One of my great guilty pleasures is Sabatini novels. I agree, sometime they are archaic and hard to get through the very thick wads of florid dialogue. They DO film better as a swash of the editor's sword can cut out the pounds of extraneous flesh to get to the meat of the discussion. They're still fun and ripping yarns. I've not read Mistress Wilding in decades, I wonder if I still have it in the box of unpacked books?
Jim Roots wrote:One post here mentioned Robert Klepper's book of reviews. I'd have to say Klepper has the most ... peculiar ... tastes and/or prejudices. His reviews frequently leave me stunned. There's no question about him possibly pulling our legs or deliberately trying to be provocative -- he's too serious for that. He just has an extremely bizarre opinion of too many films. (Not to mention that he sounds like George Shelps' even more odious brother whenever the subject of Chaplin comes up.)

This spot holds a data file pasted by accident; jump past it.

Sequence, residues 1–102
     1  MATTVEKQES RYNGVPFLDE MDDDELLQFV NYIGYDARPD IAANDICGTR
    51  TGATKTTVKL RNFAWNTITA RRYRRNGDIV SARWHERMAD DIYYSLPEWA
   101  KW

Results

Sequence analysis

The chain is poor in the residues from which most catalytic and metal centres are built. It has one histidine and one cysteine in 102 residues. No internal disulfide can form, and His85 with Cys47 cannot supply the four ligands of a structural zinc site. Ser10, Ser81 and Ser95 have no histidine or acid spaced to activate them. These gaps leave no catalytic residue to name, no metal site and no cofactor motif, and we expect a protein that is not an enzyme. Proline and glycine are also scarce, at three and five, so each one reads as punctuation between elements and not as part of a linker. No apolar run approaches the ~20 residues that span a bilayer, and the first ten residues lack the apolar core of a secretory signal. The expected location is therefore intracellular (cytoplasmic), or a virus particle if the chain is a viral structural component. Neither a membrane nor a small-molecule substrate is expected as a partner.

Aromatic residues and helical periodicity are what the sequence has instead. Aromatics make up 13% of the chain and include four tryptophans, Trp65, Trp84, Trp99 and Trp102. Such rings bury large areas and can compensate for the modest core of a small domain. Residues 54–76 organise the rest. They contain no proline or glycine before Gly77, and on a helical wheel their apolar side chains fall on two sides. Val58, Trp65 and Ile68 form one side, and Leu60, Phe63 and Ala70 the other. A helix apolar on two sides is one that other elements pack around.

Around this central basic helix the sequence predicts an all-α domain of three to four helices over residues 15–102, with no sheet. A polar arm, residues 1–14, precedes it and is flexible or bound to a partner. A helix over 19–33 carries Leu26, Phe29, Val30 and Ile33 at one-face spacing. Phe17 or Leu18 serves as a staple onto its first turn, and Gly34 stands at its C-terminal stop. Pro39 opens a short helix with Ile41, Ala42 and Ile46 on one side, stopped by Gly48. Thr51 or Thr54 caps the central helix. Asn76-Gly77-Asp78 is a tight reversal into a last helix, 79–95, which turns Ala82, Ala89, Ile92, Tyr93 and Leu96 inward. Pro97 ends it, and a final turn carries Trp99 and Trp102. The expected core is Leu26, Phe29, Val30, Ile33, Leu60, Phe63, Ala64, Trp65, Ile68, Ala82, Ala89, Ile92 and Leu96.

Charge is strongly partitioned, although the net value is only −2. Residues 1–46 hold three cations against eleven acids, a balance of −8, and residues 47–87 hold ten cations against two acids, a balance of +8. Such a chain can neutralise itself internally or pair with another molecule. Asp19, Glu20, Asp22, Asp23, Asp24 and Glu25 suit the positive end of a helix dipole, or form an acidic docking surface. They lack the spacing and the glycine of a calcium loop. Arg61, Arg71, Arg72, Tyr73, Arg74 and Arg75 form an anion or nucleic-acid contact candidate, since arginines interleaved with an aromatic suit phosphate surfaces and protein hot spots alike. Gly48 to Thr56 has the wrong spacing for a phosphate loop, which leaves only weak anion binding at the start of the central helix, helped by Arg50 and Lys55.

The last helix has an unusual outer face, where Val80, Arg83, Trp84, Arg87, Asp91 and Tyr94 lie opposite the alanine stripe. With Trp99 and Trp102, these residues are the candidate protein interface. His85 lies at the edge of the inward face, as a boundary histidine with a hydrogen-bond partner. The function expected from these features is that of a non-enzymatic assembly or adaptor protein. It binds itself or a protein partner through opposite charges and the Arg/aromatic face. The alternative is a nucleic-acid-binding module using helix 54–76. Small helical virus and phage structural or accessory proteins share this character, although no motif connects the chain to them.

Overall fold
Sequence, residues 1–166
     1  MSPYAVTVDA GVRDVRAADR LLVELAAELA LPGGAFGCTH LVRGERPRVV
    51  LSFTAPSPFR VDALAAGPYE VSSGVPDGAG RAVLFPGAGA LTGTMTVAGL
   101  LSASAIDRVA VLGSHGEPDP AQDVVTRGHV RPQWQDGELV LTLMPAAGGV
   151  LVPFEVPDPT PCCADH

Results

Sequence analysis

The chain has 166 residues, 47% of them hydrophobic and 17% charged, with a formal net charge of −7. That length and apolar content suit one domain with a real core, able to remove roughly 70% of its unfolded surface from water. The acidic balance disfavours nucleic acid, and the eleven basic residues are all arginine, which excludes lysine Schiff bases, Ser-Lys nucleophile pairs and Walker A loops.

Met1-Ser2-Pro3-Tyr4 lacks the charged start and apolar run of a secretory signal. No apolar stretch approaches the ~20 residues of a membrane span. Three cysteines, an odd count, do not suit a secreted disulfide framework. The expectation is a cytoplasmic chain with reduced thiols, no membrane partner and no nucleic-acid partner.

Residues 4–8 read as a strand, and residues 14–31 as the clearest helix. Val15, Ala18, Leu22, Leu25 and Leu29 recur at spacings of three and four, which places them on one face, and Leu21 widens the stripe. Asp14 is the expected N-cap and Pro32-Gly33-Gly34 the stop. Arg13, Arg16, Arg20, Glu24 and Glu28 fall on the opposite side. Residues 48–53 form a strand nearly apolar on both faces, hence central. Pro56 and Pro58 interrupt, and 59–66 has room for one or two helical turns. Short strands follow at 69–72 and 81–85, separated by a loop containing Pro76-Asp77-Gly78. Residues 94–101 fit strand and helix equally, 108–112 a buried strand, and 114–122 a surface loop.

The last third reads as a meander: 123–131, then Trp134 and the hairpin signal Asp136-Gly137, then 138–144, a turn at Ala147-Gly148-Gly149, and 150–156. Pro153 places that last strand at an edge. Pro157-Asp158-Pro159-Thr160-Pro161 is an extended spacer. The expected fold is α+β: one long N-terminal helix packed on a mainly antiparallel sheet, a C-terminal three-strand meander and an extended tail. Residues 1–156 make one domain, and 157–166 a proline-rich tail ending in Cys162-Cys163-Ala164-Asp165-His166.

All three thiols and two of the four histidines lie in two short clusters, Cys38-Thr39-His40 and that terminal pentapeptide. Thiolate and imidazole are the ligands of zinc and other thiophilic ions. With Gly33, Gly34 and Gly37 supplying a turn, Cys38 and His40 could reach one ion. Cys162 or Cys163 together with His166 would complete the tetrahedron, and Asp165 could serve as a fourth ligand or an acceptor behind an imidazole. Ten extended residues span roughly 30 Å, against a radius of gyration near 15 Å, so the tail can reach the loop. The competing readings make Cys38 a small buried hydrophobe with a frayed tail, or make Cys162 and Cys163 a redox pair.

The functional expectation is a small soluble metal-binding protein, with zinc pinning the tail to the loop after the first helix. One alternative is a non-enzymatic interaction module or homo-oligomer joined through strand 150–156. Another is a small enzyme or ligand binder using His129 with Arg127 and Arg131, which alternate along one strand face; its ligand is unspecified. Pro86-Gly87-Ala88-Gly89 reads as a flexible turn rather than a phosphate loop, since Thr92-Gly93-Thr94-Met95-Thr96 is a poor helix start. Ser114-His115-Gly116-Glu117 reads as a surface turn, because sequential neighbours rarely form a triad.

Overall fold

Oh, I could tell a story or two about Robert Klepper. Yes, he had a passionate contempt for Chaplin, and I asked him about that once. He blamed Chaplin for the eventual alcoholism of Mildred Harris, and I knew Robert well enough to know that if there was anything that he hated more violently than Charlie Chaplin, it was hearing a viewpoint contrary to his own. So I dropped the subject. But yes, he was a man of firmly-held and sometimes inexplicable opinions.
He was also suffering a lot from the illness that finally took him away, and that probably colored his outlook. Finishing that book of reviews was pretty much the goal that kept him going.